Interacting binary star

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Artist's impression of a low-mass X-ray binary (LMXB): an evolved low-mass yellow sub-giant star transfers mass to a neutron star. Because the accretor is a compact object, an accretion disc forms, which is the source of the X-rays. Source.

An Interacting binary star is a type of binary star in which one or both of the component stars has filled or exceeded its Roche lobe. When this happens, material from one star (the donor star) will flow towards the other star (the accretor). If the accretor is a compact star, an accretion disk may form. The physical conditions in such a system can be complex and highly variable, and they are common sources of cataclysmic outbursts.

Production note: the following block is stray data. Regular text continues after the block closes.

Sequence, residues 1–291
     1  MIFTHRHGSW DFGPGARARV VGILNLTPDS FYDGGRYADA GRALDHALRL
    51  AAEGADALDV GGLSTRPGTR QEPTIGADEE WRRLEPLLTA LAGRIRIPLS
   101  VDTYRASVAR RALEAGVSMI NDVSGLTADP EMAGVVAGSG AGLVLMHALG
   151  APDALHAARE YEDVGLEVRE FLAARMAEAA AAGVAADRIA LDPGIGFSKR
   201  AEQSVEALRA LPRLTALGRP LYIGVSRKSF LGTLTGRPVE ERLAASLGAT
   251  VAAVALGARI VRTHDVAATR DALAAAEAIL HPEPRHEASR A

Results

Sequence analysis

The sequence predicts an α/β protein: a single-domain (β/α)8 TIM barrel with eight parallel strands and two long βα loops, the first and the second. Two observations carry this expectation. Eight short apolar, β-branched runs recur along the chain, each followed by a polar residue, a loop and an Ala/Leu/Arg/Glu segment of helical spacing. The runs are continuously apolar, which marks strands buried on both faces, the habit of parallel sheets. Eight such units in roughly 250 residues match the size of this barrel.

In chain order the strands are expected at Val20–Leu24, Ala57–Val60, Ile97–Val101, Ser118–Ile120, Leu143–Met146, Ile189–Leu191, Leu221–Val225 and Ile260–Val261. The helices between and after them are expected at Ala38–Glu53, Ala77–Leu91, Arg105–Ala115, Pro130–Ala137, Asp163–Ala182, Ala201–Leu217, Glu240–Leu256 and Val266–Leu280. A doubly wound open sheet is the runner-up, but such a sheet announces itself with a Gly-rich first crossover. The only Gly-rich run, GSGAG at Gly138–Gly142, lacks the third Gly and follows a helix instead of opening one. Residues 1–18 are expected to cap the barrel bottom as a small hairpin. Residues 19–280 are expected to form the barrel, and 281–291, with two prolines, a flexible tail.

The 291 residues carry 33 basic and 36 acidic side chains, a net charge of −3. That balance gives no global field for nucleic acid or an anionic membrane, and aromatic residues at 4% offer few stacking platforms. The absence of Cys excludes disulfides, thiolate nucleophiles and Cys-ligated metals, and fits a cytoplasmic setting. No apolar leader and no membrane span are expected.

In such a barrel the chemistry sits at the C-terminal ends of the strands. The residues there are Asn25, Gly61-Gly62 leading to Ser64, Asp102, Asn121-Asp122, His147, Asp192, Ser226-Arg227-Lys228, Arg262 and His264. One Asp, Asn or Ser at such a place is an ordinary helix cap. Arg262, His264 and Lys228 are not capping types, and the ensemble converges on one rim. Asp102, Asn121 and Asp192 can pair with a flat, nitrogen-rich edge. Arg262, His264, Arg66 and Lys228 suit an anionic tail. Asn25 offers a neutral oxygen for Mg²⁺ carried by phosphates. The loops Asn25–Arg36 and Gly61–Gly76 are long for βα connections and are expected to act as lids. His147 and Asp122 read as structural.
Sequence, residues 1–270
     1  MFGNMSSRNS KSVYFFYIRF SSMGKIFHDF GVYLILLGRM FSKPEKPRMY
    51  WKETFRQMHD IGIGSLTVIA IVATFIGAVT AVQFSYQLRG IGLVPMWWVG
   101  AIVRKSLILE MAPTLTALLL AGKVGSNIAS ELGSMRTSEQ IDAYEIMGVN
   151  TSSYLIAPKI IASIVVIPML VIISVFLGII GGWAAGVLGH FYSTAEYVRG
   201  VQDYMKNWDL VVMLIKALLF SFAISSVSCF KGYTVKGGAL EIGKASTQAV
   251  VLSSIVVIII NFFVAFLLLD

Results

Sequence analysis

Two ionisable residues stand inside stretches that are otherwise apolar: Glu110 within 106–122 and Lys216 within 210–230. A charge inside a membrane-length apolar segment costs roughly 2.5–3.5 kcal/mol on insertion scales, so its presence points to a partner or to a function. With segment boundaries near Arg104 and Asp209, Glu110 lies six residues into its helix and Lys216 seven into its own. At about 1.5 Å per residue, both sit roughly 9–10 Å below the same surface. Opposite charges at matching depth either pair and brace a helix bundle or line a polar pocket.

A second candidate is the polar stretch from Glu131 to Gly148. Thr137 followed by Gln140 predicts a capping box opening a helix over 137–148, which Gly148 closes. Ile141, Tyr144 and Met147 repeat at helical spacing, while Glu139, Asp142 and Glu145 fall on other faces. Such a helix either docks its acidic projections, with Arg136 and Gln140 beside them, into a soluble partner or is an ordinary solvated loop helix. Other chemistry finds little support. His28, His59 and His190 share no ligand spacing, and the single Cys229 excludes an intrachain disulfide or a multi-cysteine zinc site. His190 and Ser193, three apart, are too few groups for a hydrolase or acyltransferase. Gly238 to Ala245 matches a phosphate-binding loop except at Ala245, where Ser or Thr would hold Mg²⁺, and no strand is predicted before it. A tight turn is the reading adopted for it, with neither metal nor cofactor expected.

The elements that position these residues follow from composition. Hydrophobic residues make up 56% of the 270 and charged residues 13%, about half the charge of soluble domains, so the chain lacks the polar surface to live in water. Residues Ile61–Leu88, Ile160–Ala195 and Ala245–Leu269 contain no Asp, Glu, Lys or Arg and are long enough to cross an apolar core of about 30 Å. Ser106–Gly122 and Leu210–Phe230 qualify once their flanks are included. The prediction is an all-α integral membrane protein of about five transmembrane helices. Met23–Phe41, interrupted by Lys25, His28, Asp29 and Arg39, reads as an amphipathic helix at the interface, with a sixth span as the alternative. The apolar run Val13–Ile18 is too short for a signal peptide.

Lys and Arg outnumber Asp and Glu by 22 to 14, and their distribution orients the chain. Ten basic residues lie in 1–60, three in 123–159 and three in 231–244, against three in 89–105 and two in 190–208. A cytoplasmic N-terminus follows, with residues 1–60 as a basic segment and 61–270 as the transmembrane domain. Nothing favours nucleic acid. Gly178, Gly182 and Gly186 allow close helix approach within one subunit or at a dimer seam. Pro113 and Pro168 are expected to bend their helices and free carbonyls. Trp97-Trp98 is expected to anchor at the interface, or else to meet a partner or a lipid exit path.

A common type of interacting binary star is one in which one of the components is a compact object which is well within its Roche lobe, while the other is an evolved giant star. If the compact object is a white dwarf, then accretion of material from the evolved star onto the white dwarf's surface may result in its mass increasing to beyond the Chandrasekhar limit. This can lead to runaway thermonuclear reactions and the massive explosion of the star in a Type I supernova.

An example of such a binary star is R Canis Majoris, in which it is thought that the secondary star has exceeded its Roche lobe and transferred mass to the primary star. This has resulted in the early evolution of the secondary star onto the subgiant star branch, and in exposure of helium-rich material on the surface of the primary, causing it to burn brighter and have a higher effective temperature than would usually be expected for a star of its mass.[1]


  1. ^ ""Near-infrared photometric studies of R Canis Majoris" WP Varricatt, NM Ashok - The Astronomical Journal, 17:2980-2997, 1999 June". Retrieved 2009-03-08.